Blogs: The Skeptics

Donald Trump Should Give Diplomacy with North Korea a Chance

America Has Too Many Military Bases

Secretary Mattis Should Stop Babying South Korea

The Skeptics

During the Cold War the Korean peninsula mattered, mostly as part of the larger Cold War struggle with the Soviet Union. However, the U.S.S.R. and Cold War are gone. So is the geopolitical relevance of Korea.

The ROK is a valuable trading partner. Former South Korean diplomat Chang Booseung, now at the Rand Corporation, justified U.S. defense subsidies for the South by citing “the $129 billion in annual trade” and resulting U.S. jobs. Of course, by Chang’s logic, the South should be helping to protect America to preserve all those jobs created in the South through its trade with the U.S.

Anyway, trade is no reason for Washington to pay for another nation’s defense. If so, America would be defending virtually every country on earth. It’s nice that U.S. companies benefit from commerce with the South, but the rest of Americans shouldn’t pay the price, human and financial, to secure those corporate profits. Instead, Seoul should invest its financial gains in its own defense.

A renewed Korean conflict would be a humanitarian tragedy as well, but that’s no reason to enhance the horror by involving American forces. Nations all over the world want to be rescued by the U.S. South Korea has joined the front rank of states and should take responsibility for preventing such an occurrence.

War also would be destabilizing to the region, but would not end Asian trade with America, as Chang suggested. Does he believe the PRC would turn inward, like the old Chinese Empire, recall its cargo ships, and close its borders? That the Japanese would collectively go into the fetal position and stop manufacturing goods? That all Australians would flee the coasts and dig bunkers in the Outback?

Anyway, adverse regional impact is a good reason for the Koreas’ neighbors to do more. Japan and South Korea need to work through their historical antagonisms, and would have more pressure to do so if they could not rely on Washington’s protection. China and Russia would have greater incentive to lean on the North if they could not count on America to police the peninsula.

One of Chang’s stranger contentions is that “if the United States were to sit out a war in Korea, any dominant actor arising out of such a conflict may contest U.S. supremacy in the Pacific as Japan did in the 1940s.” Really? If South Korea defeated North Korea, Seoul would take over the Greater East Asia Co-Prosperity Sphere and attack China, Japan, and the Philippines? In the unlikely event of a North Korean victory, Pyongyang would swallow Manchuria and Southeast Asia?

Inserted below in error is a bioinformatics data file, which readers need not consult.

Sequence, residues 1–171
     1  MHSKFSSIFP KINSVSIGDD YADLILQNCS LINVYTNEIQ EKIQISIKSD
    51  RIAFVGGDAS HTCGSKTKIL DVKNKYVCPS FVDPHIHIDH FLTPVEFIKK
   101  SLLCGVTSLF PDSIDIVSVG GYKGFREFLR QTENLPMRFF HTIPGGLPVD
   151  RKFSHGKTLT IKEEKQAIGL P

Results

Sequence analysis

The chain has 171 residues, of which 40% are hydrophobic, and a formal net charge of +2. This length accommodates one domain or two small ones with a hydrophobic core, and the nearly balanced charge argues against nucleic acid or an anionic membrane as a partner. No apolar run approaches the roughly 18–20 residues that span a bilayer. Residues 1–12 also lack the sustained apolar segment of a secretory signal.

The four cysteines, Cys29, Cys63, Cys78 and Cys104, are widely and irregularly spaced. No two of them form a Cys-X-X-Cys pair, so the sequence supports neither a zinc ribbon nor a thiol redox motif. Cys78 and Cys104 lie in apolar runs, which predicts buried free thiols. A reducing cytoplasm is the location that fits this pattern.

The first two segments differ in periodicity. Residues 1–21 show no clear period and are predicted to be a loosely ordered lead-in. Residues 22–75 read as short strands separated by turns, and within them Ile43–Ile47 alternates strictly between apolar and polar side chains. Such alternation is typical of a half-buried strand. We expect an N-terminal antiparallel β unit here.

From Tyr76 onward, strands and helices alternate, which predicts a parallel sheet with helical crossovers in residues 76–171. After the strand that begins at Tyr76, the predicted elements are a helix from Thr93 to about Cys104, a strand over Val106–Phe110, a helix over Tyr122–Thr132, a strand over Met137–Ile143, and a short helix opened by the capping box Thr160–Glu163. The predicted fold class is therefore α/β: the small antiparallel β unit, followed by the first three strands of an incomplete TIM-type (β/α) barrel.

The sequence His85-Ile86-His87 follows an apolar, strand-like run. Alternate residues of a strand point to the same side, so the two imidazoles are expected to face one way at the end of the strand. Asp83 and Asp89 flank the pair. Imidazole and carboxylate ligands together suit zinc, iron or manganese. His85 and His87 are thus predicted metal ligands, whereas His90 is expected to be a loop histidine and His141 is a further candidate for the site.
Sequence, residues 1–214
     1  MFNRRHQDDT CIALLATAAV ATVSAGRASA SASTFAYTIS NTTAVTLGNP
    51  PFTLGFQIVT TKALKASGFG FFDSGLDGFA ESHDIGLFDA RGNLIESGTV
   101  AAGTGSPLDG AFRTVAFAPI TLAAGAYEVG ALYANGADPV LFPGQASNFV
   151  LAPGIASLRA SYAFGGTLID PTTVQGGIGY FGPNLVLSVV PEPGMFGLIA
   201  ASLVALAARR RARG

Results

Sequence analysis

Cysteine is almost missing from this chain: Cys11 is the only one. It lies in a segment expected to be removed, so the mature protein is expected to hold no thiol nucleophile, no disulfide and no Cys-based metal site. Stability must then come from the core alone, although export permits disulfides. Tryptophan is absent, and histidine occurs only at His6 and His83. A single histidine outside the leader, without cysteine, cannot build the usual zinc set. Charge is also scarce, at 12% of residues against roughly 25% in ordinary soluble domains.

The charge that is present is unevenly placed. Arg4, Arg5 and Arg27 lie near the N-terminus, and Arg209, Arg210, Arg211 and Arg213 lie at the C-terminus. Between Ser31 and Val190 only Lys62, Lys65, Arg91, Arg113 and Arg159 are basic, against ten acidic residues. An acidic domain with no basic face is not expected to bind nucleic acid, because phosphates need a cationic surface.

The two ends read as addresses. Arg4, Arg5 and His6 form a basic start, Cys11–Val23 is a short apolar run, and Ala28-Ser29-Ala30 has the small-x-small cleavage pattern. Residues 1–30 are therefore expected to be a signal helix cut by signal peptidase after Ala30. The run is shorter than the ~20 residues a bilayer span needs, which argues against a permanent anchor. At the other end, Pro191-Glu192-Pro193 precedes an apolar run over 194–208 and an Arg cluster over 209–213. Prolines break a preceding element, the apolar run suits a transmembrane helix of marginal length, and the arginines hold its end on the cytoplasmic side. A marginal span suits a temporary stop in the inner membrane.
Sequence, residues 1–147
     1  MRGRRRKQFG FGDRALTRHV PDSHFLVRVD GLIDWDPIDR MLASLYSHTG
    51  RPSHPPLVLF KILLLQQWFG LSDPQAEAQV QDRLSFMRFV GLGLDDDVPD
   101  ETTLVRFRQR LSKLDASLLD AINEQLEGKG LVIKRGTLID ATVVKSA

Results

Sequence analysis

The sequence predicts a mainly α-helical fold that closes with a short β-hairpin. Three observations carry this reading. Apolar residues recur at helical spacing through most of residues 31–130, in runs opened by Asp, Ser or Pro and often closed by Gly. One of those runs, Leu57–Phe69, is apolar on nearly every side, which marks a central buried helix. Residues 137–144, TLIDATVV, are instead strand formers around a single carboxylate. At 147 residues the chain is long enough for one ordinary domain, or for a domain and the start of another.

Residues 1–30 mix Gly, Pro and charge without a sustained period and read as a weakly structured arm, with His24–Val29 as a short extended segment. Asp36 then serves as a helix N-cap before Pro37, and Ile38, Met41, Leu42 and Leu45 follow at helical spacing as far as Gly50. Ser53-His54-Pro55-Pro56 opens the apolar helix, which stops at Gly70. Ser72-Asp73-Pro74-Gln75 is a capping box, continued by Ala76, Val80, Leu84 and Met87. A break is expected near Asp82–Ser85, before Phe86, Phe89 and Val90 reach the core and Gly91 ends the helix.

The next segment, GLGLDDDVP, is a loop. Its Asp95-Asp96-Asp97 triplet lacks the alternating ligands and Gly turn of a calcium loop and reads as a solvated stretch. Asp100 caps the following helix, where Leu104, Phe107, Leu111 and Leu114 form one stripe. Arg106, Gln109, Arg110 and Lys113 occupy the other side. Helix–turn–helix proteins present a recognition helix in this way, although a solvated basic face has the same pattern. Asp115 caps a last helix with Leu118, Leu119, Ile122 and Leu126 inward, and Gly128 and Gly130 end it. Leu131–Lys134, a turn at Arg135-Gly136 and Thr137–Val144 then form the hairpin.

Over the long-term China almost certainly will challenge U.S. dominance, but that seems inevitable, and has nothing to do with the Koreas. Wasting money defending allies that can protect themselves weakens the U.S. and will make it more difficult for Washington to confront future challenges. The PRC’s growth is another reason for the U.S. to husband its resources and expect its friends and allies to take over responsibility for their own security.

Chang contended that America’s garrison plays a “counter-proliferation role” as the “Kim Jong-un is working hard to put the U.S. mainland on his target list.” But Kim is doing so only because America is “over there,” so to speak. Washington is allied with the DPRK’s adversary, has surrounded the North with military forces, and constantly threatens Pyongyang with military action. Moreover, Washington routinely bombs, invades, and occupies other nations (think Serbia, Afghanistan, Iraq, Libya). Kim is evil, not stupid. No surprise, the North believes that it needs a nuclear deterrent against the U.S. Troops in the South exacerbate his insecurity and ensure that America will be a target if North Korea eventually creates an accurate ICBM.

Finally, Chang offered several entertaining “kitchen sink” arguments. There’s the alleged value of forward deployment for the U.S. to more easily get involved in a war that South Korea should be prepared to fight. And the permanent need for a nearly 30,000-member garrison in the South to grab nuclear weapons in the North if, at some unpredictable and unlikely future moment, the DPRK collapses and China doesn’t get there first. As well as South Korean involvement in Washington’s misbegotten invasion of Iraq. Such token participation, though welcome, doesn’t counterbalance a promise to go to nuclear war on Seoul’s behalf.